vet pet

Poultry Owners: Biosecurity Explained in 6 Simple Steps


As a poultry owner, you know how important it is to keep your birds healthy. By practicing biosecurity, you can help reduce the chances of your birds being exposed to animal diseases such as avian influenza (AI) or exotic Newcastle disease (END).

"Biosecurity" may not be a common household word. But, for poultry and bird owners it can spell the difference between health and disease. Practicing biosecurity can help keep disease away from your farm, and keep your birds healthy.

Biosecurity: Make it Your Daily Routine

Consistent biosecurity practices are the best way to prevent diseases such as AI and END. The following steps can help you keep your birds healthy:


Making biosecurity a part of your daily routine while caring for your birds can decrease the chance of END or AI showing up on your doorstep.

Information sourced from the USDA. For a full brochure on biosecurity, read the United States Department of Agriculture's online PDF (here).

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Local Vet Dr. Mike Bonda Aids Last Chance Animal Sanctuary

Last Chance Animal Sanctuary is a local charity located in Bradenton, Florida. They provide love and care to kitties in need as they live the remainder of their lives at the sanctuary.

All cats/kittens are tested for feline leukemia, aids, heartworm, dewormed, flea treated, microchipped, receive their FVRCP and rabies vaccines, and are spayed/neutered. Many of the rescued cats require additional medical attention. That is where River Landings Animal Clinic veterinarian Dr. Michael Bonda comes in,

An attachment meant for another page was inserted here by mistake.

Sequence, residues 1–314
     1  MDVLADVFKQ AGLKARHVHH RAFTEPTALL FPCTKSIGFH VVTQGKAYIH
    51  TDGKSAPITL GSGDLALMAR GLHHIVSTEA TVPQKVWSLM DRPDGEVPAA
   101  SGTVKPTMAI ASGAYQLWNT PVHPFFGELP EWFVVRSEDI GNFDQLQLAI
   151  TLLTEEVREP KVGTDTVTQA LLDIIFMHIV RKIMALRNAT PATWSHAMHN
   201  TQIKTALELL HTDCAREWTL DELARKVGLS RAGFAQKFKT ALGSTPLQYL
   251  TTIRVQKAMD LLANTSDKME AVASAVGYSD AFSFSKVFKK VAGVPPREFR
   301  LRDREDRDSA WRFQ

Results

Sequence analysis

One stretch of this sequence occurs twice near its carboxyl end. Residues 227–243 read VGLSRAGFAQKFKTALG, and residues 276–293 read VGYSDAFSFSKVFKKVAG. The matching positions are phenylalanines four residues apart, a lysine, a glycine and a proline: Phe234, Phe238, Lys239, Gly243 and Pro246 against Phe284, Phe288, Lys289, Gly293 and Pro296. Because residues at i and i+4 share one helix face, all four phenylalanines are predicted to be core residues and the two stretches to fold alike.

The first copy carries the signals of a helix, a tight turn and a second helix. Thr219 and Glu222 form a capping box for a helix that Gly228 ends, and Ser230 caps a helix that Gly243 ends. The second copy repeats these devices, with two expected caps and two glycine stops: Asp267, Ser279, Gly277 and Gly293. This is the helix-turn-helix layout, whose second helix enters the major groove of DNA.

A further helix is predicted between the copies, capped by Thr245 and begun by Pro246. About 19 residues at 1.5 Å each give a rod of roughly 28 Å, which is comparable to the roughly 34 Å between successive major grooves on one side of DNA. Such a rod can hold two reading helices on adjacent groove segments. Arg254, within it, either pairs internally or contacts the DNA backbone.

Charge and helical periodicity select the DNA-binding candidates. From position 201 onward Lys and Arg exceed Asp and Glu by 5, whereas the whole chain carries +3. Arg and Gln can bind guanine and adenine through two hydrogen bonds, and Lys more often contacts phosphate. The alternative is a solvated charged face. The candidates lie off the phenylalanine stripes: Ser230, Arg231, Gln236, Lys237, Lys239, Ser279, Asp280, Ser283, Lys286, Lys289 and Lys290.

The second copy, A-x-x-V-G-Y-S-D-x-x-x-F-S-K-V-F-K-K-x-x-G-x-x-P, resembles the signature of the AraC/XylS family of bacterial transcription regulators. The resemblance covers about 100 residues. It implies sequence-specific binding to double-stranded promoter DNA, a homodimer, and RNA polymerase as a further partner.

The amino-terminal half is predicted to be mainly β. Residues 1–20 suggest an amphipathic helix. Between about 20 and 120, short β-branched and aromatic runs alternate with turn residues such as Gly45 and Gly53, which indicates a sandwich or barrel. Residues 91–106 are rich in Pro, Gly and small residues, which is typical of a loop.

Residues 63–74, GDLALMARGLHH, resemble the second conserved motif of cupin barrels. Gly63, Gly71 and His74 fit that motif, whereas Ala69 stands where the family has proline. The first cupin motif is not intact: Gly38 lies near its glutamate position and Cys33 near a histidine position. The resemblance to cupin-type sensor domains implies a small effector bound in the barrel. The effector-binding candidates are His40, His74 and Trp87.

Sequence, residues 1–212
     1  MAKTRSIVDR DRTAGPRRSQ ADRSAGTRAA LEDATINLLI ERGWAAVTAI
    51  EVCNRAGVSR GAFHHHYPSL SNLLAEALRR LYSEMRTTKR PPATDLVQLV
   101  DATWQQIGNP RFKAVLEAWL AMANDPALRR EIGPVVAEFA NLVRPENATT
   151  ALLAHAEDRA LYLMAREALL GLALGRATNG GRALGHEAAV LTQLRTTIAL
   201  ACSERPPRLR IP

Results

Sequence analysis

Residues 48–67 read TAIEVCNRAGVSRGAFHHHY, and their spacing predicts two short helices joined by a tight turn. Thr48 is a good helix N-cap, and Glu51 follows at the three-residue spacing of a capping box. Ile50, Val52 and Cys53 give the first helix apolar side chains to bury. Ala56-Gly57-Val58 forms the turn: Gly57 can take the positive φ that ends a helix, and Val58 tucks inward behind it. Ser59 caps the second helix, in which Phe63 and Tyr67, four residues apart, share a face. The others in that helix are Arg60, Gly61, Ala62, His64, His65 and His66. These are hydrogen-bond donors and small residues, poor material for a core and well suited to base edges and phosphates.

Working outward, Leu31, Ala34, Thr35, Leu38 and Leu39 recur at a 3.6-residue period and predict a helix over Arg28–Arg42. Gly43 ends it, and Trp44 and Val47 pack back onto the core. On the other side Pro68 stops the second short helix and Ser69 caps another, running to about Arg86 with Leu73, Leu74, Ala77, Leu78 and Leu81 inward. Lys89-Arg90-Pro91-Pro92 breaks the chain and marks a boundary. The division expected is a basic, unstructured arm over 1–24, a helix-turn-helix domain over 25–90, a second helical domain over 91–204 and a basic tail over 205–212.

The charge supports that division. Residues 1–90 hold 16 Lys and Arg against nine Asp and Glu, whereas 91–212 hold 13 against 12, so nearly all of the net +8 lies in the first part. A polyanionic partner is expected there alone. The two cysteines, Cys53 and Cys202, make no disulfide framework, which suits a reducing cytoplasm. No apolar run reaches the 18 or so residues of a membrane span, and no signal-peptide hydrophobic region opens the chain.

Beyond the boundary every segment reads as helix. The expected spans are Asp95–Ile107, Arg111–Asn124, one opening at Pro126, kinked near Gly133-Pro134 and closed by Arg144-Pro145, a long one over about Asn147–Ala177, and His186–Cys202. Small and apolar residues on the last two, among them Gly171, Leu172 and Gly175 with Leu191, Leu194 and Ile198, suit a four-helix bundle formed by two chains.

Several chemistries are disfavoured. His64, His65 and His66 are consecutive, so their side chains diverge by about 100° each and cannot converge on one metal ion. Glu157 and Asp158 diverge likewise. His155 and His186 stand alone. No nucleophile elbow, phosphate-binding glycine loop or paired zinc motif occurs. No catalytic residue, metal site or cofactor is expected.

“I became involved with last chance through my client, Linda Litke, who is one of the volunteers and the main person involved with medical decisions on their cats when a medical concern arises.” 


Having been involved with Last Chance Animal Sanctuary for eight years, he has dedicated almost a decade to the cause and care of these felines. 


“The best part of working with last chance is being able to help with medical treatment and surgeries on the rescue and shelter cats that would not be able to have veterinary care elsewhere due to high costs and not being an owned pet.”


As you can guess, medical expenses and general everyday care add up. You can provide monetary donations towards any veterinary bills the shelter has with River Landing Animal Clinic. You may also donate any needed supplies from the shelter’s Amazon wish list.

For more ways, you can get involved just as our very own Dr. Bonda has— from adoption to volunteering— head on over to Last Chance Anima Sanctuary’s website!

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Don't forget to subscribe to our email newsletter for more recipes, articles, and clinic updates delivered to your inbox (here). Or, you can keep up to date by liking and following our Facebook page (here). We also have additional helpful articles under our tips category (here).

Hurricane Season Preparedness

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The summer months are known to be when natural disasters hit here in Florida. Are you prepared for a hurricane or tornado for not just yourself, but also your pet.

Printable Disaster Supply Kit Checklist

Preparation Tips:

  1. Plan in advance if you live in an evacuation area (Manatee county residents check here).

  2. Write down your plan or create a checklist. Share this information with a friend / family member or have a back up plan that includes a friend / family member outside of an evacuation zone.